The editorial board would like to welcome all the visitors and carvers to Craig who flocked to the city for the annual Whittle the Wood Rendezvous.
The four-day festival is one of our favorites, and we’re thrilled with all the excitement that’s buzzing in the air surrounding the woodcarving event.
Renee Campbell, newspaper representative
Noelle Leavitt Riley, newspaper representative
Sheli Steele, newspaper representative
Hal Glanville, community representative
Jobeth Haydon-Tupa, community representative
Eldon Holland, community representative
We think the entertaining weekend provides a perfect opportunity for us to highlight why Craig and Moffat County is such a wonderful place to live, work, play and visit.
Whittle the Wood is in its 15th year, and it’s probably one of the best parts of summer in Craig next to the annual balloon festival that takes place Aug. 2 and 3 at Loudy-Simpson Park.
Both festivals bring people together for entertainment, fun, food and good company.
For those who are visiting, it’s so important to highlight that Craig is an extremely giving community. When people are in need, this community comes together to help — even if you’re not from Craig. So if you find yourself on the side of the road with a flat tire and no spare, there’s no need to worry. It’s almost a guarantee that someone will stop to help you.
If we’re highlighting good works in Craig, we must outline what the older population has been doing the last two months. About a half of dozen committed citizens are vigorously working to form a Senior Center to cater to our senior citizens’ needs. Nearly 30 people show up to each one of the planning meetings, which shows how important resurrecting such a center is to Craig’s elders.
That said, our veterans continue to support Craig, its youth through scholarships, and at patriotic events (to name a few), including Veteran’s Day, Memorial Day and the Fourth of July. We’d like to thank them for their outstanding presence in our community and for helping keep our democracy in tact.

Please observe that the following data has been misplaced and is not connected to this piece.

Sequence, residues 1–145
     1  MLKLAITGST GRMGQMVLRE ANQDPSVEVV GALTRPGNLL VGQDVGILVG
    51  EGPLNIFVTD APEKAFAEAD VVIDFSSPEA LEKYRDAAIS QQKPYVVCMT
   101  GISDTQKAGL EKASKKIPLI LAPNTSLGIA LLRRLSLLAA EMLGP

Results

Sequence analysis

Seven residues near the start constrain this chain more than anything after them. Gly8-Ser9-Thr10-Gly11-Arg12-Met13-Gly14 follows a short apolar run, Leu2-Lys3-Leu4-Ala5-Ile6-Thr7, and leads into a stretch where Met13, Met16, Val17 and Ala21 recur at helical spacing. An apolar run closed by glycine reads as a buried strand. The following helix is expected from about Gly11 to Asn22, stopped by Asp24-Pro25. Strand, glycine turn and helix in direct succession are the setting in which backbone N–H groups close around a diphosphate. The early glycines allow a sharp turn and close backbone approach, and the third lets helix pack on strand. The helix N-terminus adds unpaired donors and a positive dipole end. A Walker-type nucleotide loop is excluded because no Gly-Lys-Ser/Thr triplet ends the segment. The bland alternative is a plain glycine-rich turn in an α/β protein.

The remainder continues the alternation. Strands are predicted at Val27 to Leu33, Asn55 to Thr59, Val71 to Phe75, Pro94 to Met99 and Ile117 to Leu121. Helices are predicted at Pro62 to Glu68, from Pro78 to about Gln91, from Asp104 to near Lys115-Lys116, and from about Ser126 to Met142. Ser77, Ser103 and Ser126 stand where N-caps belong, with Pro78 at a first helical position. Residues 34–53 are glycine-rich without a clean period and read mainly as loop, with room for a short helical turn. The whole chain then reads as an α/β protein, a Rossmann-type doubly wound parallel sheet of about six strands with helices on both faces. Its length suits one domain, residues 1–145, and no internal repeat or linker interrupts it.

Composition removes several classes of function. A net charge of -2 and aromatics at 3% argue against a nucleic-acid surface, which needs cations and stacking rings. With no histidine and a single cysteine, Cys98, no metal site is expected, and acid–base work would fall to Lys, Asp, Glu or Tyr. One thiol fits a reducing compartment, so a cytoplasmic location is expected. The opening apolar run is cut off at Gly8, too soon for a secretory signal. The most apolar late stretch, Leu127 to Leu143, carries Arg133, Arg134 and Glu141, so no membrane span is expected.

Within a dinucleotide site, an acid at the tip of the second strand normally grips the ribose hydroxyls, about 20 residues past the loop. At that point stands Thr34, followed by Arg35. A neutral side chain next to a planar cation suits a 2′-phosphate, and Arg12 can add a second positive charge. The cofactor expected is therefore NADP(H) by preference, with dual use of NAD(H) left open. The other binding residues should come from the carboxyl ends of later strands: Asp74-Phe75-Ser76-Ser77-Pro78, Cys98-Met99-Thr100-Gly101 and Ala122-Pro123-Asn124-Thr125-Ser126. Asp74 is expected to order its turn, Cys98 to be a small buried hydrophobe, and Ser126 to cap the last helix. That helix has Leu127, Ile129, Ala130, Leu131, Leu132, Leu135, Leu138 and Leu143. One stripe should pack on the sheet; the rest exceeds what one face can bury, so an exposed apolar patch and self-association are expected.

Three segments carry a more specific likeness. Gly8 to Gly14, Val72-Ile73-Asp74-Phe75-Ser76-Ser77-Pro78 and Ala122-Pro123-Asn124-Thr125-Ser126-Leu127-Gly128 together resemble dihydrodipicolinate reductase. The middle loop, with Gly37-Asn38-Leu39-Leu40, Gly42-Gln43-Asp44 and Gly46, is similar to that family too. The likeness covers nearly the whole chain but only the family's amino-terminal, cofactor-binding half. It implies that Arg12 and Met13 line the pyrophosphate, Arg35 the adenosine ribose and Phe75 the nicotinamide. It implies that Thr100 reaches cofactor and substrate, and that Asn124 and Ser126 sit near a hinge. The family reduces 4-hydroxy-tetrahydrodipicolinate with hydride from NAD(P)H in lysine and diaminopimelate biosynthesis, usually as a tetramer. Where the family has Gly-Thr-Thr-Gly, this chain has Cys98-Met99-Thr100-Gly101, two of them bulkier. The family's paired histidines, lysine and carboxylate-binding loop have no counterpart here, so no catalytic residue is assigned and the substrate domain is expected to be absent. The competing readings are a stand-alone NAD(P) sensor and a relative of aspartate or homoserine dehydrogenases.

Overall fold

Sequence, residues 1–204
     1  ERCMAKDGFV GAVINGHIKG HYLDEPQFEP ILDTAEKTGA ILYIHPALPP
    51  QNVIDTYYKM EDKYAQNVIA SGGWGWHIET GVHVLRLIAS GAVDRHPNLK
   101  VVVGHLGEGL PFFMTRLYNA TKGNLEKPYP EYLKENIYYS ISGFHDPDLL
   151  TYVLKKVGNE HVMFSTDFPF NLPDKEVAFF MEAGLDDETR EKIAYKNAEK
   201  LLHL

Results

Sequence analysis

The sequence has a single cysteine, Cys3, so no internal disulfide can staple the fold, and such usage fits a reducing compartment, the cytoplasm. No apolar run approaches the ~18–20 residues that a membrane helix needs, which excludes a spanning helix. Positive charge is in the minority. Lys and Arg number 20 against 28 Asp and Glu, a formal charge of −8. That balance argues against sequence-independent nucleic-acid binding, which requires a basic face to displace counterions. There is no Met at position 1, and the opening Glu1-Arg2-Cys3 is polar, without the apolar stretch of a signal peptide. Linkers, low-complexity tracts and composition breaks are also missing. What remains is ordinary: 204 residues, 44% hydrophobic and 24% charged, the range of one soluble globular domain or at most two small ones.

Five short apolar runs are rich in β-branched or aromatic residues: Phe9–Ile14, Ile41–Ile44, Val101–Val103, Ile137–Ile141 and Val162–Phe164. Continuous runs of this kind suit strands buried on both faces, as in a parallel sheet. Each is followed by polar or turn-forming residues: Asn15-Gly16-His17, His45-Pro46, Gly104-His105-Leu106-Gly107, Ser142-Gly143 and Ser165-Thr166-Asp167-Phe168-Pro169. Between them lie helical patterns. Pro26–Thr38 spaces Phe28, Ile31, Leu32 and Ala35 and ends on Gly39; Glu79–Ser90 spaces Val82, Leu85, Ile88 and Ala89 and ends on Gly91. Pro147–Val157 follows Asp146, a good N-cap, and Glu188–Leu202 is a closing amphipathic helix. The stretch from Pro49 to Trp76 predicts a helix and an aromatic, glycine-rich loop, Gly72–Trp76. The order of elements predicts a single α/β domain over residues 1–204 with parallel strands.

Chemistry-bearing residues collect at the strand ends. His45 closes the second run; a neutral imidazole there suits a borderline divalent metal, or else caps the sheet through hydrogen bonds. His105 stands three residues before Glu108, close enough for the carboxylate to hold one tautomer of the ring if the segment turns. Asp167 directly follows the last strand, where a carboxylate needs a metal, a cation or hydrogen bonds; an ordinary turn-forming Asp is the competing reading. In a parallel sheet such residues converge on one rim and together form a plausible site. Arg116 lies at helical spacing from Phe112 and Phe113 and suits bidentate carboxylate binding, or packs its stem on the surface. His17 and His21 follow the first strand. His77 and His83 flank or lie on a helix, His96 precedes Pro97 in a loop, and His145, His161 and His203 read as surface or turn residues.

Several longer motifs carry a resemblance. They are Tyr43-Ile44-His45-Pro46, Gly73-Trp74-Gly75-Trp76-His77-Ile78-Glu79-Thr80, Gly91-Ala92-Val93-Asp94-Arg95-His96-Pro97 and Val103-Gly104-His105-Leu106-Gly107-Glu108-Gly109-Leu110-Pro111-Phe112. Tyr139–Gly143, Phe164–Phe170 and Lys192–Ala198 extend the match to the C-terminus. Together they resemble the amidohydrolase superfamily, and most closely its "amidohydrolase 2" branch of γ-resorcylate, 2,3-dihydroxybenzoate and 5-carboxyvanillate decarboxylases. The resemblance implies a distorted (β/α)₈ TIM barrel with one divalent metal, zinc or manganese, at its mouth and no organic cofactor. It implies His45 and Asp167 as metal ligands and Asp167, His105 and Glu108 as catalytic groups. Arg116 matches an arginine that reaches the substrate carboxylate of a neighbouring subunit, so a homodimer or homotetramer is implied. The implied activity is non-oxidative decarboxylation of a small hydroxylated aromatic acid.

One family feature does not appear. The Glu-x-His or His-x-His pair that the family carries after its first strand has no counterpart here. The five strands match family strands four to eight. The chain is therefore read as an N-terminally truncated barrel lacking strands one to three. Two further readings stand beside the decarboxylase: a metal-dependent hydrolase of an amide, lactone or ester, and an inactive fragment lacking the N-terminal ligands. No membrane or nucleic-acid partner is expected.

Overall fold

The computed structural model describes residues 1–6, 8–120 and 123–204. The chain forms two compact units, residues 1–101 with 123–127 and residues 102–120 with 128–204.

Now, let’s talk about the amazing bodies of water in Moffat County. The beautiful Yampa River offers fishing, tubing and rafting opportunities to community members and tourists seeking a plethora of fun. Also, the magnificent Elkhead Reservoir is an excellent place for camping, swimming, water skiing and fishing.
Additionally, Freeman Reservoir, just north of Craig in Moffat County, offers endless trout fishing and a serendipitous scenery that’s sure to please any outdoor enthusiast.
If you’re looking for a peaceful way to learn about the history of Northwest Colorado, Craig boasts two amazing and free — yes, free — museums, one of which has a pet bull elk named Junior.
It’s probably the only place you’ll ever visit where you can actually walk up to a pet elk and touch it. He resides at the Wyman Living History Museum along with Army tanks, tractors and old fashion buggies.
The Museum of Northwest Colorado in downtown Craig has a spectacular cowboy gun collection and an intricate history of train thoroughfare on display. We’d like to thank the museum staffs for all they do to keep the museums in tact and valuable.
Living and visiting a rural community takes you away from the hustle and bustle of big cities like Denver. You’d be hard-pressed to find traffic jams in Craig, and if you live here, you’re likely to always see someone you know at the grocery store, adding to the small community’s charm.
Craig also has a phenomenal hospital — The Memorial Hospital — offering stellar health care to residents. Adding to the health of the community is all the great 5K runs/walks hosted by Friends of Moffat County Education and the Booster Club, including the Wake the Whittler that takes place Saturday morning.
In closing, we have to outline the city’s new community college. Colorado Northwestern Community College not only offers a great opportunity to further education, but it also has amazing art throughout the campus.
So, whether you’re a visitor or a resident, you can find several reasons why it’s good to be in Craig.